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Cubism Breaks Cover: Picasso and "Parade" in 1917

Read, Peter (2017) Cubism Breaks Cover: Picasso and "Parade" in 1917. In: Cooper, Harry and Braun, Emily and Florman, Lisa and Goddard, Linda and Gough, Maria and Karmel, Pepe and Léal, Brigitte and Palermo, Charles and Poggi, Christine and Read, Peter and Zeidler, Sebastian and Cropper, Elizabeth, eds. The Cubism Seminars. CASVA Seminar Papers . Yale University Press, Washington D.C., pp. 252-285. ISBN 978-0-300-22618-8. (Access to this publication is currently restricted. You may be able to access a copy if URLs are provided)

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This chapter explores all aspects of "Parade", a ballet conceived and written by Jean Cocteau for Sergei Diaghilev's Russian ballet, which premièred in Paris on 18th May 1917. At Cocteau's request, Picasso agreed to design set and costumes for the ballet and completed the commission by also designing and painting a drop curtain. The chapter explores ways in which Picasso assimilated essential aspects of Cocteau’s scenario, before seizing control of the production, then reinforcing its visual impact and dialectical energy by developing a particularly charismatic new manifestation of cubism, both kinetic and theatrical. His contribution to "Parade" embodies an artistic vision that combines historical awareness with creative renewal, disrupting and opposing intellectual routine and regimentation, and his manipulation of contrasting visual styles asserts a position of intractable artistic freedom. The chapter also shows how aspects of cubism contagiously affected Massine’s choreography and Satie’s music for the ballet. It suggests that the violent hostility displayed in some press coverage (and surprisingly negative reception of the ballet by some more recent critics and historians) bears witness to Parade’s transgressive power and to the alarm of artists and commentators who feared that their authority and status, based on respect for established values and aesthetic commitments, were being subverted and ridiculed.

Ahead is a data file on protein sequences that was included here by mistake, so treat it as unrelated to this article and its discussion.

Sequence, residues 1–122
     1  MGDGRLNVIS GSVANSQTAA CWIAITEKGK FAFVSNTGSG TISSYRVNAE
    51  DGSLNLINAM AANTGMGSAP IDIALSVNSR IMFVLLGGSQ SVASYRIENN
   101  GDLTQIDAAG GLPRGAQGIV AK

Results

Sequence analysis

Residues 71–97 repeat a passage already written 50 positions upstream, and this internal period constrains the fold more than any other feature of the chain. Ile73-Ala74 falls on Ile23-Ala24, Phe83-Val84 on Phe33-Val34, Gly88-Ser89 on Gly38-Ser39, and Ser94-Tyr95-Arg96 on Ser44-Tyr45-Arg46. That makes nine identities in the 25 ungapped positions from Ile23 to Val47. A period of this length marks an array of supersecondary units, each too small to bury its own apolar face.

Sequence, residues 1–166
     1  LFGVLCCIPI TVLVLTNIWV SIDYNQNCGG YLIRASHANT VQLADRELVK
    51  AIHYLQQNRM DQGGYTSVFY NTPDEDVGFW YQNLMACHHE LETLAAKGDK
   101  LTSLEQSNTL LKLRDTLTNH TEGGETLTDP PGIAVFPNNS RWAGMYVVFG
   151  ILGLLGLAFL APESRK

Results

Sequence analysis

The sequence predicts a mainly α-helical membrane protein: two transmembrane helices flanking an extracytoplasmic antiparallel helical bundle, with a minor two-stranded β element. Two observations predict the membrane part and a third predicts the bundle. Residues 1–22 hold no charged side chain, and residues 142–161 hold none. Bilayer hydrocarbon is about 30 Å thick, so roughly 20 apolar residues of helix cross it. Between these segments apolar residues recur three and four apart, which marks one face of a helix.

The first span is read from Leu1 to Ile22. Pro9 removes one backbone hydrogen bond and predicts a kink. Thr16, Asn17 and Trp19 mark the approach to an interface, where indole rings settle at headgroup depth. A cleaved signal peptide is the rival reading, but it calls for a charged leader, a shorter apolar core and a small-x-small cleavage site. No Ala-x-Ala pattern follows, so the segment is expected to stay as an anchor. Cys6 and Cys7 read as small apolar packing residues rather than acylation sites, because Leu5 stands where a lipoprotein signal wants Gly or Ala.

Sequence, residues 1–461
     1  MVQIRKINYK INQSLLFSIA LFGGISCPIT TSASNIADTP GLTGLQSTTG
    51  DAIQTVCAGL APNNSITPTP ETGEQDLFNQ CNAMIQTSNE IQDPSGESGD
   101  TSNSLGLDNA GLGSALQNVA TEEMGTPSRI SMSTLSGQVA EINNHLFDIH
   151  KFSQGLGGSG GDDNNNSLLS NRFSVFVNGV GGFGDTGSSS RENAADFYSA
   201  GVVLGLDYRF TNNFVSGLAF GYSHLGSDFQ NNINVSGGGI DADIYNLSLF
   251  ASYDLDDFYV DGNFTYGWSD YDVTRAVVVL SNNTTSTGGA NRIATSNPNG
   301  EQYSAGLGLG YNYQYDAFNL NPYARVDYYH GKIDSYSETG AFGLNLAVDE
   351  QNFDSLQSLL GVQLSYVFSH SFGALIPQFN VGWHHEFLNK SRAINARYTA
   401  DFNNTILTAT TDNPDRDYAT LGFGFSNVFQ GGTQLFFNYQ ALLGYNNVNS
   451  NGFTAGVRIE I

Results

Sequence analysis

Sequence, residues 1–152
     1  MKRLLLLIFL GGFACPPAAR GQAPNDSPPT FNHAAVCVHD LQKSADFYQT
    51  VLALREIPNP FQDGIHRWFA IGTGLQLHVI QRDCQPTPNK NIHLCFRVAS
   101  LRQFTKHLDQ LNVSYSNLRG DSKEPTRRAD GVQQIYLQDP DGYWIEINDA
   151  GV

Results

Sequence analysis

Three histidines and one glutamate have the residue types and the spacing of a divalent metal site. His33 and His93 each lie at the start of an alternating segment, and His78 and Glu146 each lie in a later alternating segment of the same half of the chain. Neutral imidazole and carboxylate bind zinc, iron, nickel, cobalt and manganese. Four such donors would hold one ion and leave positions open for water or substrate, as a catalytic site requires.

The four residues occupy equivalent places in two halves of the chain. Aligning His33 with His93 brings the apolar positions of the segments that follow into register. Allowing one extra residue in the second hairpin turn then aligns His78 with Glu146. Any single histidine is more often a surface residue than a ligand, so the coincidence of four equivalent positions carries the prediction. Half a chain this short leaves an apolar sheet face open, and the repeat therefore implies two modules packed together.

Item Type: Book section
Uncontrolled keywords: Cubism, dance, Russian ballet, cinema, Cocteau, Picasso, Satie, Massine
Subjects: G Geography. Anthropology. Recreation > GV Recreation Leisure > Dance
N Fine Arts > N Visual arts (General) For photography, see TR
P Language and Literature
P Language and Literature > PB Modern European Languages (inc film, TV and radio studies)
Divisions: Faculties > Humanities > School of European Culture and Languages
Faculties > Humanities > School of European Culture and Languages > French
Depositing User: Peter Read
Date Deposited: 06 Jun 2017 13:00 UTC
Last Modified: 29 May 2019 19:07 UTC
Resource URI: (The current URI for this page, for reference purposes)
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